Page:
Townes Van Zandt – Down Home and Abroad

Album Review | Floating World | Review by Allan Wilkinson | Stars: 3/5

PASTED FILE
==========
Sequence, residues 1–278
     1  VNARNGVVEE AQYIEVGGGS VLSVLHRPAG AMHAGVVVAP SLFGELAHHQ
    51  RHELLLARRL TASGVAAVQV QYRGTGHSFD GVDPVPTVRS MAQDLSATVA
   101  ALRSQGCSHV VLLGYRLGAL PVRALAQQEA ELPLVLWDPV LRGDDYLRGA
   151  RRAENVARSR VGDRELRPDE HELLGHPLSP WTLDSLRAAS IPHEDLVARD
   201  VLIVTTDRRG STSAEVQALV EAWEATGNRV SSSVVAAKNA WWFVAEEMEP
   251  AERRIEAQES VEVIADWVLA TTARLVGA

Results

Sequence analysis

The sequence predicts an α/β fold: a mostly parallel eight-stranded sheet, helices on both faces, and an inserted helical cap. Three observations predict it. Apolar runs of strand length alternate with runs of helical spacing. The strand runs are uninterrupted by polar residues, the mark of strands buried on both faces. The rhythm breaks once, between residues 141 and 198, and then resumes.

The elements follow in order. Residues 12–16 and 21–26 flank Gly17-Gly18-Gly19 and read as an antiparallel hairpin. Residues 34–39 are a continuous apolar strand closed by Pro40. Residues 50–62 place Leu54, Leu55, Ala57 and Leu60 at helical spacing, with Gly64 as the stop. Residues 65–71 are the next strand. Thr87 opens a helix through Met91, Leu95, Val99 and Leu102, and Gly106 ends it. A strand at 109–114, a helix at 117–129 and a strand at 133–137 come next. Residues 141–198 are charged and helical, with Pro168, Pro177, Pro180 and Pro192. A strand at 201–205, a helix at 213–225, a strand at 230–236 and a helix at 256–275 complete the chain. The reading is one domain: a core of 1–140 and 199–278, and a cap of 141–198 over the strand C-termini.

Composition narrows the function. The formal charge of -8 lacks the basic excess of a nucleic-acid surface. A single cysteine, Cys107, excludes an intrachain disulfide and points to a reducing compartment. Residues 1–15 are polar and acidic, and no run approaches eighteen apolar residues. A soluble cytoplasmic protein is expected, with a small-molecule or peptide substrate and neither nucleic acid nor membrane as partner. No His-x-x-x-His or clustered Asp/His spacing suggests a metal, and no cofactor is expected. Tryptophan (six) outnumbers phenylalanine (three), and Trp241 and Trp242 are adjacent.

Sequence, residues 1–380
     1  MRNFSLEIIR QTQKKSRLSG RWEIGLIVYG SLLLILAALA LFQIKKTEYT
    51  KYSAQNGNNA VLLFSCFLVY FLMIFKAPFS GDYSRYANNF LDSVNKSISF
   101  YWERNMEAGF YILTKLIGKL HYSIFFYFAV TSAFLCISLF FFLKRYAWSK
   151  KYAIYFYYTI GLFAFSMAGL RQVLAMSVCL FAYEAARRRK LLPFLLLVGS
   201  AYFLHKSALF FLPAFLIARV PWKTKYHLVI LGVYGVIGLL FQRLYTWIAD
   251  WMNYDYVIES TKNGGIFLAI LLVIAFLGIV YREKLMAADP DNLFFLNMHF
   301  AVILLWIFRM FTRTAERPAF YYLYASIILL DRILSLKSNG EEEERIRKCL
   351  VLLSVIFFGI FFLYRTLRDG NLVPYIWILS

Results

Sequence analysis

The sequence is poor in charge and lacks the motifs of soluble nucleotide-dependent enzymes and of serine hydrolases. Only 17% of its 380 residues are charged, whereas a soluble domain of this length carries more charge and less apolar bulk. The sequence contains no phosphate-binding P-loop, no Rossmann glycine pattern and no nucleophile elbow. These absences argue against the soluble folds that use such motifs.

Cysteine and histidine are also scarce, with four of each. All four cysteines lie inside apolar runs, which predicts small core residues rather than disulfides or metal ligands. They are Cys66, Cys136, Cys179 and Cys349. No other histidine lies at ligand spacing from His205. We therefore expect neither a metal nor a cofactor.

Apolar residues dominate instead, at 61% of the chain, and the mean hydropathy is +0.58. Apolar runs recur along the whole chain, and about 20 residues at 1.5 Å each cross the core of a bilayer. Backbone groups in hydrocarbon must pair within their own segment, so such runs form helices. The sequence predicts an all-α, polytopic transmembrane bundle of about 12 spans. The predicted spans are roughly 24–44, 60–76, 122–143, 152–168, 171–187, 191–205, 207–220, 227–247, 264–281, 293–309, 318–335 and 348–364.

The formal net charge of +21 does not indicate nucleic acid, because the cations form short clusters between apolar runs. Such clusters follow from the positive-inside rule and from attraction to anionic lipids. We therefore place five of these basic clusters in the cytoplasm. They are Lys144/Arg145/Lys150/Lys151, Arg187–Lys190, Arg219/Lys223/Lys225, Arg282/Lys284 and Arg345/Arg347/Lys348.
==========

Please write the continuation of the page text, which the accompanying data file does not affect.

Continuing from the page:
These two live shows, recorded almost a decade apart, feature a selection of Townes Van Zandt’s finest compositions, with just four repeated songs over the two shows. The two-disc release captures the enigmatic songwriter on fine form in both 1985 and 1993, the latter just three and a half years before his untimely death in January 1997. The earlier show, recorded at the Down Home in Johnson City, Tennessee reveals a troubadour wafting through town like tumbleweed, joined by flat-pick guitarist Mickey White and flautist Donny Silverman, engaging with a lively Tennessee audience, especially during the talking blues songs, “Fraternity Blues” and “Talking Thunderbird Blues”. The second show was recorded in Helsinki, Finland, Townes’ first visit to the country, and reveals a singer with a more weather-worn vocal delivery, yet conversely a much harder and punchier guitar approach. At times, the Texan songwriter drifts off into his own world between songs, tales of being chained to a tree and going to the hospital with war paint on, yet remains as beguiling as ever as a performer. Despite struggling through some of the songs, Townes maintains the melancholy and overbearing sadness in such songs as “Kathleen”, whilst lifting the audience spirits with “If I Needed You” and “Tecumseh Valley”. The recording is beset with a few minor squeaks and buzzes from the PA, but nothing as poor as the recently released double LP set from the American Music Hall in San Francisco from 1991 (with Guy Clark). It’s interesting to compare and contrast these two performances, both of which stand up as fine examples of a remarkable and much missed songsmith at play.